Precision frequency measurements of terahertz (THz) waves are required to establish metrology in the THz spectral region. However, frequency measurement techniques in this region are immature. We propose a THz spectrum analyzer to measure the absolute frequency and spectral shape of continuous-wave THz waves. Based on a stable frequency comb generated in a photoconductive antenna, the absolute frequency of a sub-THz test source was determined at a precision of 2.8×10-11. Furthermore, the spectral bandwidth of the THz spectrum analyzer can be extended over 1 THz, as demonstrated by measurement of a THz test source. This spectrum analyzer has the potential to become a powerful tool for THz frequency metrology.
© 2008 Optical Society of America
Frequency is a fundamental physical quantity of electromagnetic wave. Therefore, various techniques have been established to measure the frequency of electromagnetic waves. Interferometry is often used in the optical region. For precise measurements, the number of interference fringes of a measured monochromatic source is compared with that of a standard signal having a known optical frequency (e.g., a frequency stabilized laser) over a given path length. On the other hand, a heterodyne method is typically used at microwave and millimeter wavelengths. In this method, a measured wave is detected with an antenna and then electrically mixed with a standard signal from a local oscillator of known frequency, resulting in the generation of a heterodyne beat signal at radio frequencies (RF). The beat frequency can be precisely measured with RF instruments.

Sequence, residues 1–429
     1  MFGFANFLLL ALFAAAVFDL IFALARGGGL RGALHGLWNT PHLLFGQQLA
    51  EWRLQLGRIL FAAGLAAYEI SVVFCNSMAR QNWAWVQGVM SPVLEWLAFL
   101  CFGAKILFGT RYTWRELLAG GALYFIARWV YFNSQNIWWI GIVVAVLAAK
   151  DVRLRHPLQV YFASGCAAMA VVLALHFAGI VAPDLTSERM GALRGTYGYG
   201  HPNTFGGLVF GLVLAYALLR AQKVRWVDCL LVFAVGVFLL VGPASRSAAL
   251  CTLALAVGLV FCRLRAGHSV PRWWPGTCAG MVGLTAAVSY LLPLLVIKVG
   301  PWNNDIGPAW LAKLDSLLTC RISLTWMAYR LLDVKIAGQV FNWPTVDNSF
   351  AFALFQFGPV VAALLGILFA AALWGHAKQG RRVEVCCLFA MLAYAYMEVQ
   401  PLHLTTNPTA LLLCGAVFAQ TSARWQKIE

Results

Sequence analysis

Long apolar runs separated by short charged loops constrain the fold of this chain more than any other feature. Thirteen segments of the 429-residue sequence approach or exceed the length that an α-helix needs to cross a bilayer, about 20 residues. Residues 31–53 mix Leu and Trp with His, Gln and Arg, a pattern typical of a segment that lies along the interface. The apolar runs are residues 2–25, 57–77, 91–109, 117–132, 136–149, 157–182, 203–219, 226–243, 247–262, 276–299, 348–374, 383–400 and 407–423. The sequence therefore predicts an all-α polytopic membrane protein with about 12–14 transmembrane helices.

In the past decade, terahertz (THz) radiation, lying at the boundary between optical and electrical waves, has emerged as a new mode for sensing and communication. THz spectral fingerprints are useful in various sensing applications . In addition, THz waves are expected to find application as a carrier wave for broadband wireless communications . Following an increase of such THz applications, a need for THz frequency metrology has arisen. Furthermore, the advent of practical continuous-wave THz (CW-THz) sources, such as THz quantum cascade lasers , uni-traveling-carrier photodiodes , and resonant tunneling diodes , have increased demand for precise frequency measurement of CW-THz waves. However, it has proved difficult to cover the full range of THz radiation (typically, 0.1 to 10 THz) because existing methods are not optimized for the THz region. Furthermore, existing instruments often require cooling to suppress thermal noise. Recently, new techniques for the frequency measurement of CW-THz waves have been proposed. A non-synchronized electro-optic sampling technique using a mode-locked Ti:sapphire laser has been applied to the frequency measurement of a CW CO2 laser at 28 THz . The frequency measurement of a 50-GHz CW wave from a Gunn oscillator was performed by combining use of a photoconductive antenna (PCA) for a heterodyne receiver with the optical intermode beat of a laser diode for a local oscillator . However, the signal-to-noise ratio is low in the former method, and it is difficult to achieve precise measurements of the absolute frequency in either method.